Vehicles Model Year 1991- 1995, with a GVWR of 8500 lbs or less -> Tailpipe Test*
Vehicles Model Year 1991- 1995, with a GVWR of 8501- 9000 lbs -> Visual/ Gas Cap Test*
Vehicles Model Year 1996 and newer, with a GVWR of 8500 lbs or less -> OBDII Test
Vehicles Model Year 1996 and newer, with a GVWR of 8501- 9000 lbs -> Tailpipe Test
Visual Test- A visual emissions test requires the inspector to visually inspect all emissions components, which may include the catalytic converter, fuel inlet restrictor, PCV valve, EGR valve, air pump, and evap control system.
Tailpipe Test- A tailpipe test requires a probe to be inserted into the tailpipe of a vehicle to determine the composition of exhaust fumes. This will determine if the engine is running too lean, too rich, or just right!
OBDII Test- The on-board diagnostics test requires the emissions computer to be plugged into the vehicle's OBDII plugs. During this test, the computer will communicate with the vehicle and check that all emissions components are operating properly.
Gas Cap Test- The gas cap pressure test is a component of each of the above listed tests.
Emissions tests offered here at JDService: visual, gas cap, and OBDII.
Exemptions- Vehicles with less than 5,000 total miles, or less than 5,000 additional miles since the previous inspection, are exempt from emissions tests. Any inspection station offering any type of emissions test is able to apply exempt stickers to a vehicle meeting those requirements.
Failed Emissions Tests- If your vehicle failed emissions, you are entitled to one free retest at the inspection station where your vehicle was initially tested.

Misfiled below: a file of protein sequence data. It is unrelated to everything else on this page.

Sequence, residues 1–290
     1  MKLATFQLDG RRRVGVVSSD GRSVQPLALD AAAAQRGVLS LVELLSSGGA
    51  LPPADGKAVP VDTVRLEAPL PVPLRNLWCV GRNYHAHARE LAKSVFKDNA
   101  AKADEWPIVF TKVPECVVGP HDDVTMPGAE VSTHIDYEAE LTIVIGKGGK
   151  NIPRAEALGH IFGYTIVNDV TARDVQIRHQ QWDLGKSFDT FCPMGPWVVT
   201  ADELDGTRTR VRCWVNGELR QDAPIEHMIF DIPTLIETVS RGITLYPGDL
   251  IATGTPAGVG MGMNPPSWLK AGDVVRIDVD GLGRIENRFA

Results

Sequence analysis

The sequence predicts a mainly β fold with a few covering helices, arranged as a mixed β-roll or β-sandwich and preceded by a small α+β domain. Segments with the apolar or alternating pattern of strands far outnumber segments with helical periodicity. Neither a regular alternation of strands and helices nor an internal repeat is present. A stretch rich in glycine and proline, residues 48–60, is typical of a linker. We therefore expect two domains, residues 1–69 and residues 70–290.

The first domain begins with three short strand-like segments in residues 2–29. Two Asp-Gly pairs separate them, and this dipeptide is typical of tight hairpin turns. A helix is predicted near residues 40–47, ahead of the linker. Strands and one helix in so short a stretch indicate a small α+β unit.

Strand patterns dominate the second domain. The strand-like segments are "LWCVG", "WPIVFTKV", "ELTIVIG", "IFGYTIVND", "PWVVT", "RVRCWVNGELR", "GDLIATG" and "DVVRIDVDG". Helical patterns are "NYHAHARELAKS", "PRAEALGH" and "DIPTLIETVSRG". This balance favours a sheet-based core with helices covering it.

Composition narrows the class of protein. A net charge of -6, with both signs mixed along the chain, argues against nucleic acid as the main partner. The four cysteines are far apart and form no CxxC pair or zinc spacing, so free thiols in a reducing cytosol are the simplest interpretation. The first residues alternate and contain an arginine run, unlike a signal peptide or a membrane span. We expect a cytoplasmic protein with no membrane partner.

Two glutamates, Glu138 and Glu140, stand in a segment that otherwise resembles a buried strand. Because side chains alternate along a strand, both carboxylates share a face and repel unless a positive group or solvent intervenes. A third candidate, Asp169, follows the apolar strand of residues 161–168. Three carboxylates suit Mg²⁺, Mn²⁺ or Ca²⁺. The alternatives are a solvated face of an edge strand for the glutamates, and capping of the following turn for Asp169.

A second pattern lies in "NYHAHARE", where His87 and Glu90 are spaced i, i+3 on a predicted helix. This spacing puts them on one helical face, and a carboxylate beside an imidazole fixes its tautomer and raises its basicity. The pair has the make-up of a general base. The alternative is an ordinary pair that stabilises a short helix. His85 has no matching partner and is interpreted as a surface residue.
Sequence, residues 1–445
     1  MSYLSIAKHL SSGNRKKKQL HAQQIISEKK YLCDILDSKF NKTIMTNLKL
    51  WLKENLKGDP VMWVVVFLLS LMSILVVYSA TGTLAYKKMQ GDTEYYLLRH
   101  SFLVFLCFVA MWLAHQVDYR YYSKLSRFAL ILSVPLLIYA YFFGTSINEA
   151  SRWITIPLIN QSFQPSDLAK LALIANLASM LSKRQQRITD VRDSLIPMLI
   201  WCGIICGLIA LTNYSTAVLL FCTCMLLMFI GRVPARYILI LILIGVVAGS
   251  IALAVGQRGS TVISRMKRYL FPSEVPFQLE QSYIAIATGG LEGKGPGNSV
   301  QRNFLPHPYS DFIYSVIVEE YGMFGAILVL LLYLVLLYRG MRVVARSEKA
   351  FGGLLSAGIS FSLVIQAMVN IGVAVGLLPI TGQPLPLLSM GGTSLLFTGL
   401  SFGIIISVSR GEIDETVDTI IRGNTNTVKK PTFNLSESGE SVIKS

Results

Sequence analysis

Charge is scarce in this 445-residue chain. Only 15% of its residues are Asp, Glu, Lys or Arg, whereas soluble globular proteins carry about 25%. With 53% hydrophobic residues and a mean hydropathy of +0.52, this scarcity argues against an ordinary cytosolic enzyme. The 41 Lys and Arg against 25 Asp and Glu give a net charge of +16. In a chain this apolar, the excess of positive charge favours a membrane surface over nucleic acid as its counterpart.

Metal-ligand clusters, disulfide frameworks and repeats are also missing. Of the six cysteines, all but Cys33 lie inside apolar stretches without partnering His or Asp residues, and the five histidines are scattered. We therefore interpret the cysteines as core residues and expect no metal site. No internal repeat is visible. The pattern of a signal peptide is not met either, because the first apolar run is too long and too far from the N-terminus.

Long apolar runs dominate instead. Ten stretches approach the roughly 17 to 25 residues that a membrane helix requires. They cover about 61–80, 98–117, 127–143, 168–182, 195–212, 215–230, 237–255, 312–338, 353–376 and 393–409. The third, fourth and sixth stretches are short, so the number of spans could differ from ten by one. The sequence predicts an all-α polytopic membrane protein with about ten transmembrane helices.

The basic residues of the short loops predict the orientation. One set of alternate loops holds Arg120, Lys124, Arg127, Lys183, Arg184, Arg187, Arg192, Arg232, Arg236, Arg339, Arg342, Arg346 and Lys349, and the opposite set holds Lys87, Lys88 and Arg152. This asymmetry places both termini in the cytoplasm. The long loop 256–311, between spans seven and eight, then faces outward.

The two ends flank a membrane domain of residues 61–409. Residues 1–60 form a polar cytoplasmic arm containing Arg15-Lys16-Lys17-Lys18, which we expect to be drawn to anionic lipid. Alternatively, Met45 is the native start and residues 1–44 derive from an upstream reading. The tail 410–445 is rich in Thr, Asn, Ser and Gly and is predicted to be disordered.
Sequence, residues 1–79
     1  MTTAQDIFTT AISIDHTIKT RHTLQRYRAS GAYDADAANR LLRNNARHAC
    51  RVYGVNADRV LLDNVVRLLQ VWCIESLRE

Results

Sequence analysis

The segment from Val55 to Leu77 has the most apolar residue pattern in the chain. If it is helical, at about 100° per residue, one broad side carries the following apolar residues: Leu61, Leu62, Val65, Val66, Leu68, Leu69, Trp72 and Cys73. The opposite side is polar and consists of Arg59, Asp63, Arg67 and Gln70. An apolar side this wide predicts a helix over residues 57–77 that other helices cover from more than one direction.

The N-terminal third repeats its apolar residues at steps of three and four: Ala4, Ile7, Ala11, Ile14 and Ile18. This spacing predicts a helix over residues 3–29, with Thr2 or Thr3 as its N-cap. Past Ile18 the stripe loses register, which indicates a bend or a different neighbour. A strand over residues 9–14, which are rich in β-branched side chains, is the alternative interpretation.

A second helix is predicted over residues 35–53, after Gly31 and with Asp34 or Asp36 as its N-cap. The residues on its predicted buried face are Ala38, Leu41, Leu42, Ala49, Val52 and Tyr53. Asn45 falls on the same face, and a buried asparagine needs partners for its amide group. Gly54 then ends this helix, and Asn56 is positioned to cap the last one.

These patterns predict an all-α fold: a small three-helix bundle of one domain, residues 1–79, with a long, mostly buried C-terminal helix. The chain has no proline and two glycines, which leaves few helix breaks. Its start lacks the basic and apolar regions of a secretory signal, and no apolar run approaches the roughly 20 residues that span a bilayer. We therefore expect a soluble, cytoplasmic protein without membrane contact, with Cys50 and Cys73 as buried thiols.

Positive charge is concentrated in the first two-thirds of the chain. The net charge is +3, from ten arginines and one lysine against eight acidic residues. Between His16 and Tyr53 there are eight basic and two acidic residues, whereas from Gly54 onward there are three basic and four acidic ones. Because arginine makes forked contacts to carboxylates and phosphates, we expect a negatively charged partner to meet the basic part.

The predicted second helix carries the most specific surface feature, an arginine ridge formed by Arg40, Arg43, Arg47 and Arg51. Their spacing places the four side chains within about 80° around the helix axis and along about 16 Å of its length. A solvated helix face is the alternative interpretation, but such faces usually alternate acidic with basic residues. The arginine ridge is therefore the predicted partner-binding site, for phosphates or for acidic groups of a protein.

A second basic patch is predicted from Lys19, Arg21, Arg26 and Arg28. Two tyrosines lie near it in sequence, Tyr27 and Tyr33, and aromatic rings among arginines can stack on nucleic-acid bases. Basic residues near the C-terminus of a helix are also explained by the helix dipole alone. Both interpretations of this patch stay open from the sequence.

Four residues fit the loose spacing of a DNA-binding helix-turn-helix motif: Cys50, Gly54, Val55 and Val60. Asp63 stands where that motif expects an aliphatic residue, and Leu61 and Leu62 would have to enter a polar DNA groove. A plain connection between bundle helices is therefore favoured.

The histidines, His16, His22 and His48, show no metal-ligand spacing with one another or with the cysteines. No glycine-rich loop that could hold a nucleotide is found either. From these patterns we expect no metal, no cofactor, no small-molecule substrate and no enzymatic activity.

*A special note about vehicles with model years older than 1996: Vehicles model years of 26 years and older are only subject to visual/ gas cap emissions tests. Every year, the model year threshold will move up one year. Pre-1975 model year vehicles are not subject to emissions tests, due to the lack of existing emissions control regulations prior to 1975.
After Your Appointment:
Here are some things that you should receive before leaving the inspection station:
A printed Emissions Inspection Report for your vehicle, outlining whether or not the vehicle passed. If the vehicle did not pass the emissions test, the inspector should also provide you with information about why the car may have failed and about the waiver process, as well as an Emissions Related Repair Data Form.
If the vehicle did not pass state inspection, the inspector should give you a detailed list of reasons why the car failed, as well as what repairs the inspection station can make on the vehicle and an estimate for those repairs.
If the vehicle did pass inspection, you should leave the station with new inspection and emissions stickers! Our inspectors at JD's usually let you know if they feel that you will need to make any repairs to the vehicle in the next year as well.
For more information about the Pennsylvania State Safety Inspection and Emissions Programs, please visit the DMV's webpage or call 1-800-265-0921.